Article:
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Yahoo! Founder Jerry Yang Resigns; Business World is Happy

Posted on the 18 January 2012 by Periscope @periscopepost
Yahoo! founder Jerry Yang resigns; business world is happy

Jerry Yang, Yahoo's founder. Photocredit:

Yahoo!’s co-founder Jerry Yang has left the company and its Asian partners, continuing the upheaval at the internet company’s boardroom. Yang helped start up the site in 1994 with David Filo, a fellow Stanford University graduate. The company’s shares have risen 3 per cent on the news. Yahoo! is currently valued at $720 million, and Yang owns a 3.6 per cent stake in it. Reaction to his resignation has been positive. The question as to whether shareholders have forced him to do so or whether he went of his own accord is unclear, although Kara Swisher on AllThings D said that he “jumped, even though being pushed was surely looking on the horizon.” Four more board members will be following him out of the door. (Interestingly, Periscope has learnt, the company was named not after the exclamation used by cowboys, but after the brutish characters in Jonathan Swift’s satire Gulliver’s Travels; since Yang and Filo considered themselves as such.)

“My time at Yahoo!, from its founding to the present, has encompassed some of the most exciting and rewarding experiences of my life. However, the time has come for me to pursue other interests outside of Yahoo! As I leave the company I co-founded nearly 17 years ago, I am enthusiastic about the appointment of Scott Thompson as Chief Executive Officer and his ability, along with the entire Yahoo! leadership team, to guide Yahoo! into an exciting and successful future,” wrote Jerry Yang in his statement. In the same statement, Yahoo Chairman Roy Bostock called Yang a “visionary and a pioneer.”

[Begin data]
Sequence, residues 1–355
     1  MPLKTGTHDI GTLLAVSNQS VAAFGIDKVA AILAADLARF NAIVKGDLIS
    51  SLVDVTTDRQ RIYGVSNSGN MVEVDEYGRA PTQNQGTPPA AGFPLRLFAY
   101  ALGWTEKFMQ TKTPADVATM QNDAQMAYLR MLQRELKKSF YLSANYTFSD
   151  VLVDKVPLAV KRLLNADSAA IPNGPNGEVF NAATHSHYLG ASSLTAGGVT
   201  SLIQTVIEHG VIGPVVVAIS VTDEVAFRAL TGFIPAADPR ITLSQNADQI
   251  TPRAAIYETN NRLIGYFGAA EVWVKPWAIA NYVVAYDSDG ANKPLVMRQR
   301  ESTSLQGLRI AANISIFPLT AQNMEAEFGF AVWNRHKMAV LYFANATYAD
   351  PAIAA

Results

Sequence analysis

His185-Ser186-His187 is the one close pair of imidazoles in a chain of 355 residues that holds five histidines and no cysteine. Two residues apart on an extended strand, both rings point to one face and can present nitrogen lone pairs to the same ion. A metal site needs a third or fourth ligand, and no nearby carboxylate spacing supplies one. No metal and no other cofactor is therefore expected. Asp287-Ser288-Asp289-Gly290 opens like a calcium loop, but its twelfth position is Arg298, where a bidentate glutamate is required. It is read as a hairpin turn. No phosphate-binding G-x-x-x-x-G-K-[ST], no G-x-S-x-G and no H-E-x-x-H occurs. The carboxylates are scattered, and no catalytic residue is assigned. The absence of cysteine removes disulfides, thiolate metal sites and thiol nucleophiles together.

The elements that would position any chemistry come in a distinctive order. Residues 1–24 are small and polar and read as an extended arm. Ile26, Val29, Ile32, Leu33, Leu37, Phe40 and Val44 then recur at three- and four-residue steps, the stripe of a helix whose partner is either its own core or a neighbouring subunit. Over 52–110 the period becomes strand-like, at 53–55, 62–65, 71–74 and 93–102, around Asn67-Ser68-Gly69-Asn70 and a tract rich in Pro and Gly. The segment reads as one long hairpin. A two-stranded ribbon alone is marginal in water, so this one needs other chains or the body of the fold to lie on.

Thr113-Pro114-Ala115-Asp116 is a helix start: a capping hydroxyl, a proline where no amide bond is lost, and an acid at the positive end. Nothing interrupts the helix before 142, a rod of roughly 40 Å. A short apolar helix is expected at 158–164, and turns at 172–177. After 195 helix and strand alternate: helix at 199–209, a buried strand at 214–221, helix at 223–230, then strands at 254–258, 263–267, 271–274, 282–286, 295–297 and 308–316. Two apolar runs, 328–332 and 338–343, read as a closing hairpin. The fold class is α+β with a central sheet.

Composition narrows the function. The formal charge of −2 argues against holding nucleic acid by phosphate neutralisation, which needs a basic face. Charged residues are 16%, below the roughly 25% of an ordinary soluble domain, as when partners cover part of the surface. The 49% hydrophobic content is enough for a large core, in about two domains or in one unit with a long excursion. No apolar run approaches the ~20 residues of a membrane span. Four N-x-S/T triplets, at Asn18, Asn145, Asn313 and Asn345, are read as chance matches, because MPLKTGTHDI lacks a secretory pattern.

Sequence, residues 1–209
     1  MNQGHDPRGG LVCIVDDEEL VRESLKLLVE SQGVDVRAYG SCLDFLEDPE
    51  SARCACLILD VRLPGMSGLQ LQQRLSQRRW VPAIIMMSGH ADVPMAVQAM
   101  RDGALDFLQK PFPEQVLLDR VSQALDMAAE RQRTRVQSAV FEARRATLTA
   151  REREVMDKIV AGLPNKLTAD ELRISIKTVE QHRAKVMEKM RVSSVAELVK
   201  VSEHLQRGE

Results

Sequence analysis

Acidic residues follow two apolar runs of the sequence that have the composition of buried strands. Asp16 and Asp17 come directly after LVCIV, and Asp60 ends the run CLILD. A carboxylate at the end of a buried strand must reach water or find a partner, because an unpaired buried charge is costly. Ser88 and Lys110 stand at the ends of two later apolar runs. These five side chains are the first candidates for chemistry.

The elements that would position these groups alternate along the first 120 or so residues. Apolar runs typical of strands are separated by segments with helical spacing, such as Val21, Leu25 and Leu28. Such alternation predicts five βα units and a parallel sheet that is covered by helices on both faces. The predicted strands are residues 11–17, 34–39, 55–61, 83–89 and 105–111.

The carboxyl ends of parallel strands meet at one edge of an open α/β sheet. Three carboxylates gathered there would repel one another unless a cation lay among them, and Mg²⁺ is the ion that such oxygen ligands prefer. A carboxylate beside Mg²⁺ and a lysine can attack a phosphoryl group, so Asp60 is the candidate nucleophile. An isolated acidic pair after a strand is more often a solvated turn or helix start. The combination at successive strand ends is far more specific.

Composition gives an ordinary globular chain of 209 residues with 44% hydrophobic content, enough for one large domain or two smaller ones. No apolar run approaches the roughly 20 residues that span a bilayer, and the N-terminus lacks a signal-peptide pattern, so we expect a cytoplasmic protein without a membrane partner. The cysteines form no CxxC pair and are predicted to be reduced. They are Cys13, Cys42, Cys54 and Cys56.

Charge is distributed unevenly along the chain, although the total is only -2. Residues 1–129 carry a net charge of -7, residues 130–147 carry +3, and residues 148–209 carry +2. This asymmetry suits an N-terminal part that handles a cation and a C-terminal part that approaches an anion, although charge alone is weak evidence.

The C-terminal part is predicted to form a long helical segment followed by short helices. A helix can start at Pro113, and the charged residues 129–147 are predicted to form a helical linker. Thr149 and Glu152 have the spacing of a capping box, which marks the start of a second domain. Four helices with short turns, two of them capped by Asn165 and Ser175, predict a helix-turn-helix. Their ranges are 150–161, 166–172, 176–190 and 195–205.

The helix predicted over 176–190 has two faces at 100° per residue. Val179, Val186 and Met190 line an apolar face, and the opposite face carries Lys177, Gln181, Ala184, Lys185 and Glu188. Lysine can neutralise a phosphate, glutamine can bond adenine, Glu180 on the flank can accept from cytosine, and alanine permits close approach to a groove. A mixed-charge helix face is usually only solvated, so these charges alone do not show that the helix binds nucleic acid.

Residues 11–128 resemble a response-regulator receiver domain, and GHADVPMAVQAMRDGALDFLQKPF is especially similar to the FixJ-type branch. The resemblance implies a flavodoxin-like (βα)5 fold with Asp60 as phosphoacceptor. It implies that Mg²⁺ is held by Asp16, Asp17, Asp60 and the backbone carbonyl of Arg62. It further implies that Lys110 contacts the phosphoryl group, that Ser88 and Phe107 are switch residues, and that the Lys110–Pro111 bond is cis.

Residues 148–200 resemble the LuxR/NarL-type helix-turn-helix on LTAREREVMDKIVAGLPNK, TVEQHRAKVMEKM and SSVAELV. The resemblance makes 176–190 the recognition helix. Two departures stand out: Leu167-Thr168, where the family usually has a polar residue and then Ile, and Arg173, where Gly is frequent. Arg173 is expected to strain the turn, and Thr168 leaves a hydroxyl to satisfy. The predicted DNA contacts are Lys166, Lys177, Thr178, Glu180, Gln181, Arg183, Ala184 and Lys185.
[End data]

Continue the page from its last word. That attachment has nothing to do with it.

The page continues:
Out with the old. Analysts, said The Financial Times, say this will “leave the way clear for Scott Thompson,” the new chief executive. It’s also possible that there will be “a broader boardroom overhaul”, with even Bostock leaving. Some analysts say that Yang was happier thinking about his own influence over Yahoo! than about the interests of shareholders – which is why he turned down the takeover offered by Microsoft.

The specter of the past. It must have been hard to leave, said Mercury News. Yang’s tale is both “inspiring and cautionary.” The cautionary bit is that sometimes a CEO doesn’t know when the right time to move on is. The inspiring bit is that Yang and Filo made “sense of the chaos of cyberspace.” It’s unfortunate that the specter of the Microsoft deal will always hang over him.

Removing barriers. In terms of business, his exit will get rid of barriers in finding a buyer for a take in Yahoo’s Asian assets, suggested Business Week. Scott Thompson will be able to “unwind the company’s part-ownership of Alibaba Group Holding Ltd.”, and will thus be able to mount a more “credible threat” to Google and Facebook in terms of advertising. Yang was seen as a barrier to change. Yahoo’s actually “the most popular US Web portal.”

Time for a change? Dan Primack on his Fortune blog wondered whether now Yahoo! might consider being picked up by a rival, or by private equity investors.

Yes indeed. Yahoo! doesn’t know “what it does or what it’s about,” tutted Molly McHugh on DigitalTrends.  It’s cut jobs, and there have been “disappointing returns” on investments. Remember, though, that the rest of Yahoo’s board “was reluctant to a sale.” It’s probably best now to sell off as much as possible, and make as much profit as possible. Look at the share price rise – investors certainly think so.

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